Frustration in the Peace Movement: Some Solutions

Submitted by Ed ORourke on July 14, 2008 – 10:00am. — Justice & Peace

Matthew Smucker’s article, “What Is to Be Done? Assessing the Antiwar Movement” in the June 26, 2008 edition of got my attention. I read the readers’ responses and shares the same frustrations. For all the work in getting Democrats elected to Congress in 2006, we have achieved little. Spineless Democrats, headed by Nancy Pelosi and Harry Reid, engage in a foot race to see which one will cave into President Bush faster. After the Congress approved a bill on war spending with deadlines, Bush vetoed it. Then, instead of demanding that Bush approve a bill that they would approve, the spineless Democrats approved Bush’s war budget to “support the troops.”

Every social political movement has its share of frustrations. Our feelings are the same as the American Abolitionists, the American Civil Rights Movement, the Solidarity Movement in Eastern Europe and countless others. Since there is no fair media coverage and almost no help from the institutions, we are in for the long haul in curbing the military industrial complex. We can only rely on building a grassroots movement like the others that I just mentioned.

I will describe what I am doing and then will propose actions for everyone else.

1) Make your own web site. See mine at
2) Compose articles for anyone who may print or post them. Some web sites and neighborhood newspapers in Houston run them. Occasionally, I send the articles to the Houston Chronicle (the biggest newspaper in Houston) although they have not run one yet.
3) Offer to speak at the Rotary Clubs and other places.
4) Make hard copies of your articles and pass them around wherever you go.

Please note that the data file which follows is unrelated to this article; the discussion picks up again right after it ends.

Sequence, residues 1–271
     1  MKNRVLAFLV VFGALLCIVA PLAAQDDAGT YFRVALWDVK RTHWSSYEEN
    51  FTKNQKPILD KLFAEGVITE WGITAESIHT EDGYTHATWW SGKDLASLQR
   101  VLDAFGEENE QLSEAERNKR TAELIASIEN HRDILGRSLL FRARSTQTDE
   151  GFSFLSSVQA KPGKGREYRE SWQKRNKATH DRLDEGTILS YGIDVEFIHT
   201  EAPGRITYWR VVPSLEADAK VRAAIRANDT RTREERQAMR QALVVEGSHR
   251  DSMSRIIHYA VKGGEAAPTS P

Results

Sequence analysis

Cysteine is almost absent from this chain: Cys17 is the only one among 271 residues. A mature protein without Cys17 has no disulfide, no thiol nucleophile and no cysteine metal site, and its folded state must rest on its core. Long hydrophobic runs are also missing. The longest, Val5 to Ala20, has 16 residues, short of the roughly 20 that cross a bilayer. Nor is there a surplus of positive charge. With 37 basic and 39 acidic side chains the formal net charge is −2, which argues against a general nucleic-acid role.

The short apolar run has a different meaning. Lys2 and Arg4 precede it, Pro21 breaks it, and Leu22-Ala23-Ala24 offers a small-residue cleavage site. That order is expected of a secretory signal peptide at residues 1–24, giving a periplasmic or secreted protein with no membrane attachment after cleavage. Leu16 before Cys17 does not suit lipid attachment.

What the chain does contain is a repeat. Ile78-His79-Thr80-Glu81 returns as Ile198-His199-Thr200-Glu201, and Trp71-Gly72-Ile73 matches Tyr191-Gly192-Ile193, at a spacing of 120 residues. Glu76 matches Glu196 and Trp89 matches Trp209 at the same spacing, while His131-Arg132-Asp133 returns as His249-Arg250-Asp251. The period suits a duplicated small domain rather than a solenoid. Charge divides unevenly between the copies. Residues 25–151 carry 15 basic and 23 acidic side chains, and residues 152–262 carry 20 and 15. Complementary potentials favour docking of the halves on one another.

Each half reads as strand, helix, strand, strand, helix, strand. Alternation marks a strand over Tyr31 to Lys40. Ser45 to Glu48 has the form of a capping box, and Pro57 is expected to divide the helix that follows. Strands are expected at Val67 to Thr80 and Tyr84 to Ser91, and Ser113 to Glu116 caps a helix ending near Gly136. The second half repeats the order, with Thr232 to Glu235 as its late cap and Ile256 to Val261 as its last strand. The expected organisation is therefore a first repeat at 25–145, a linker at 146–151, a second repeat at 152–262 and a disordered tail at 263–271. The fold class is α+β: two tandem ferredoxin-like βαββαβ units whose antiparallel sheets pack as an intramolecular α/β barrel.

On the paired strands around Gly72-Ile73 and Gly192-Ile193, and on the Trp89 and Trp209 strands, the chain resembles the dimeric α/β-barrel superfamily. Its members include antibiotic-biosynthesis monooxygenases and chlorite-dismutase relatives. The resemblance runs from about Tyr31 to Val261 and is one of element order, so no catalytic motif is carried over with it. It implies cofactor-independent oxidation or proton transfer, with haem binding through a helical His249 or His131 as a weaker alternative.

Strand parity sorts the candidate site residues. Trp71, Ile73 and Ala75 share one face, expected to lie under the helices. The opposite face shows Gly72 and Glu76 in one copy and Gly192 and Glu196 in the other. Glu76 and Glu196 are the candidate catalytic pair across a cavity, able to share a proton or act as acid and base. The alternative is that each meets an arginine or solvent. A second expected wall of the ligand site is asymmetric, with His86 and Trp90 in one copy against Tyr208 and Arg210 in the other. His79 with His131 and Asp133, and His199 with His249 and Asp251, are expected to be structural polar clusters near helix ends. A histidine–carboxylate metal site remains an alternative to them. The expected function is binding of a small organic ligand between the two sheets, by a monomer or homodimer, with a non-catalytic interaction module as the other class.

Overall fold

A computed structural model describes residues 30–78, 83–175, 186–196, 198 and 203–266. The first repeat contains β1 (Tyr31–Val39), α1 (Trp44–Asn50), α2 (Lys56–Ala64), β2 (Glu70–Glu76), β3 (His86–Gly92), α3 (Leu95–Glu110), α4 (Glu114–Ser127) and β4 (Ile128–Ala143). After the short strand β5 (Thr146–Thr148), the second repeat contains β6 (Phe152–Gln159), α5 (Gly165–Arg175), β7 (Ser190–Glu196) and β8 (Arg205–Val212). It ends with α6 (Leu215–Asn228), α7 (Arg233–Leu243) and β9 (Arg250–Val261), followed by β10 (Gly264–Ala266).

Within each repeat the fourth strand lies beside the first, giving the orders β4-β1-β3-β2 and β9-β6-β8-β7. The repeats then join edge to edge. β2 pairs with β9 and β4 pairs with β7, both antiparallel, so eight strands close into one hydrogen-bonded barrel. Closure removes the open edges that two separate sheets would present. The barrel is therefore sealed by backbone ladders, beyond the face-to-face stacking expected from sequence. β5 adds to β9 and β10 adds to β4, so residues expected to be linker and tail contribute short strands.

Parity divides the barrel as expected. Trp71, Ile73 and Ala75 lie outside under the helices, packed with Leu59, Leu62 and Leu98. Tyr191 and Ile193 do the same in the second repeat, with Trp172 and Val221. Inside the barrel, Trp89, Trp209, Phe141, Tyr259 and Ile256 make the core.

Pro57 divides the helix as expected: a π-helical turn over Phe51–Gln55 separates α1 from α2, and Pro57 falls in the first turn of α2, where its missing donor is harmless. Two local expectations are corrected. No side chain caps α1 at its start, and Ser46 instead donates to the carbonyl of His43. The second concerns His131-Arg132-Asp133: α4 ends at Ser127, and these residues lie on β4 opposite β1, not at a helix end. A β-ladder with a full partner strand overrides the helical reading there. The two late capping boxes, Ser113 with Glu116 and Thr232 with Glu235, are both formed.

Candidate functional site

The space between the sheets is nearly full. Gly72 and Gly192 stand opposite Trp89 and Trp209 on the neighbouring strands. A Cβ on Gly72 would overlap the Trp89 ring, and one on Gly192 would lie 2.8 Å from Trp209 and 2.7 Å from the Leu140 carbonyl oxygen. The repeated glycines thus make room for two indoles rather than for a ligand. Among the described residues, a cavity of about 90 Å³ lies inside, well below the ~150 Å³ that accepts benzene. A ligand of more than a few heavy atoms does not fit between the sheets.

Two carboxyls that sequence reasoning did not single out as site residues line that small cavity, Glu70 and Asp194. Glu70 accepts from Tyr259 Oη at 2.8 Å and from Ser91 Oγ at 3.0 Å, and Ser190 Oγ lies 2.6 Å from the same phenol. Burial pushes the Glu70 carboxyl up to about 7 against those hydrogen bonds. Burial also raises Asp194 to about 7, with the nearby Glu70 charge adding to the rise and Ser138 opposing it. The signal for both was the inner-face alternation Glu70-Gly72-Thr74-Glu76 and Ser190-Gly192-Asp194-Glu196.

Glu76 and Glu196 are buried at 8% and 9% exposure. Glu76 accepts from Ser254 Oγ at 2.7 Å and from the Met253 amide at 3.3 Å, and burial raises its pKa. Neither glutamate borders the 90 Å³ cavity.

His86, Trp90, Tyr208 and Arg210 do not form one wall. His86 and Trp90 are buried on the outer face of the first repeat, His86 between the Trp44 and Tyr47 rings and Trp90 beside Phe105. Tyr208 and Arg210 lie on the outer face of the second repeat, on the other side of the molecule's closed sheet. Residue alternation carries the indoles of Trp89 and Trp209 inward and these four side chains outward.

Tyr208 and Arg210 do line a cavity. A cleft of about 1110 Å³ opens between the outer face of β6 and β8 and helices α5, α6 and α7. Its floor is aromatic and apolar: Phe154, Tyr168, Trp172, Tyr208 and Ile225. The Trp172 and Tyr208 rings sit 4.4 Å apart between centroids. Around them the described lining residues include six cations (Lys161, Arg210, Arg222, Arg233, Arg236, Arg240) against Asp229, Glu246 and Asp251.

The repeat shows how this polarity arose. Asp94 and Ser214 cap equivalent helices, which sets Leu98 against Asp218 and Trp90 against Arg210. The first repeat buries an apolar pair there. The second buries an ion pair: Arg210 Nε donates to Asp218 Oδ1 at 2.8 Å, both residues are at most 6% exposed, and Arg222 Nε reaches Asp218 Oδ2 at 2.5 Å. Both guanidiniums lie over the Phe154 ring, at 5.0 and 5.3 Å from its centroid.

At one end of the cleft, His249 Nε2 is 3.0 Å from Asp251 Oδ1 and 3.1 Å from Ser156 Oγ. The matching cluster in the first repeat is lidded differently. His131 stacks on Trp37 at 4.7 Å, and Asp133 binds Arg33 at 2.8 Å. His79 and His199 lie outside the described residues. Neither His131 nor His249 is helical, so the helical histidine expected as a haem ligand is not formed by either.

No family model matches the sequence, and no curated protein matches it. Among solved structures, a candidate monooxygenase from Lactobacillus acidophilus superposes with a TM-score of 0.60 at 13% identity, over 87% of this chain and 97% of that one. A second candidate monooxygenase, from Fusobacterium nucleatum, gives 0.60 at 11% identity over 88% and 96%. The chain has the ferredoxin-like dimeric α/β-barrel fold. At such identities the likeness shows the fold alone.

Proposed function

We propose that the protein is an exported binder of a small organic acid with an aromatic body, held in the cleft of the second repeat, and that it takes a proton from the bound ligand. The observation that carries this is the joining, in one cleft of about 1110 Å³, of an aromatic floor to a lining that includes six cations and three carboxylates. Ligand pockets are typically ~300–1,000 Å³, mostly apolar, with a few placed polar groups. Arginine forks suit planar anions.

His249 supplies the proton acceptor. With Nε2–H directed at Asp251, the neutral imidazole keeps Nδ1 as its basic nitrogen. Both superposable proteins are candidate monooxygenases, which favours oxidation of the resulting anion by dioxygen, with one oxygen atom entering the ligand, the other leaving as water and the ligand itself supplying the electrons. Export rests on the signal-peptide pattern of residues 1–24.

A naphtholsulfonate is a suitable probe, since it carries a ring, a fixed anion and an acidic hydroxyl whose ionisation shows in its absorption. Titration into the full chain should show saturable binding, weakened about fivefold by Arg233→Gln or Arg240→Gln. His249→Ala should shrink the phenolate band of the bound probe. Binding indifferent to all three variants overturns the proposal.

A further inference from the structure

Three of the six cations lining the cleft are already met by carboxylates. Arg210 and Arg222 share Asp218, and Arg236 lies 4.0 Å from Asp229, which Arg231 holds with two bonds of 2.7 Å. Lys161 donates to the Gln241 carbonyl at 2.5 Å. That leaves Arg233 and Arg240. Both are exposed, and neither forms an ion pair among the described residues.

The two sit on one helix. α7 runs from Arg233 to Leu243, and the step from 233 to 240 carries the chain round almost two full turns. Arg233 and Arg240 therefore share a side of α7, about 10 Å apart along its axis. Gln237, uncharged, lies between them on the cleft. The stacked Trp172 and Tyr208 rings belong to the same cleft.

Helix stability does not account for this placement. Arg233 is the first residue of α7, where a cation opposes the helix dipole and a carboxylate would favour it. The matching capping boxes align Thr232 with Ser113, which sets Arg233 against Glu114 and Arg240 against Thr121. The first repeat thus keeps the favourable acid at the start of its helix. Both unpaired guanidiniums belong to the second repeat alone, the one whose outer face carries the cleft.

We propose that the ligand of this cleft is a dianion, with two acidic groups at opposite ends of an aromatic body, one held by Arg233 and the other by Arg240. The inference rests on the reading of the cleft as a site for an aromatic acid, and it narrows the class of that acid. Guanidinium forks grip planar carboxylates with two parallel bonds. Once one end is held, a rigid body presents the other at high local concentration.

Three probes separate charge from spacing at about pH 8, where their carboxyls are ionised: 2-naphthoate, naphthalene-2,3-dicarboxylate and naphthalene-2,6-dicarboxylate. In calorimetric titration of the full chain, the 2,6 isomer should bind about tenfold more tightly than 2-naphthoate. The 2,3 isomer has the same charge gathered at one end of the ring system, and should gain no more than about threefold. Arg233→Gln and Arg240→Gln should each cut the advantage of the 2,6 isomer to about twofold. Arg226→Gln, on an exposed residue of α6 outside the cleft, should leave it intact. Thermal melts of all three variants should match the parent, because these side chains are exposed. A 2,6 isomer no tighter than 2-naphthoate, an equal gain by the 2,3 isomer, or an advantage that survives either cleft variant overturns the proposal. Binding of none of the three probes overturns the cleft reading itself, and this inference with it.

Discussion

5) Put a “War Is Not The Answer” yard sign in front of your house. Get them from the Quakers’ lobbing group,

I hope others will do things differently than what they are doing now. The peace web sites offer nothing to those who are not already in the movement. There is no research material for students or reporters. There is no presentation to show that wars are futile, especially in a nuclear age. Peace web sites should show what they stand for to the casual user. Use the terse statement from the Braeswood Democrats, an activist Houston group, to state your goals: On February 11, 2007, they, passed a resolution (the Braeswood Declaration) calling for the abolition of war saying that the road to peace can begin by:

1) starting a world wide anti-poverty program,
2) taxing international arms sales,
3) beginning a moratorium on weapons research,
4) reducing the bloated US military budget by 50%,
5) training our armed forces for disaster relief,
6) establishing a cabinet level Department of Peace,
7) reducing nuclear weapons to zero or nearly zero, and,
8) negotiating for all the world’s nuclear weapons to go off hair trigger alert.

The peace web sites offer no statements from distinguished warriors such as General Douglas MacArthur who have called for war abolition. See excerpts from the general’s April 19, 1951 address to the US Congress: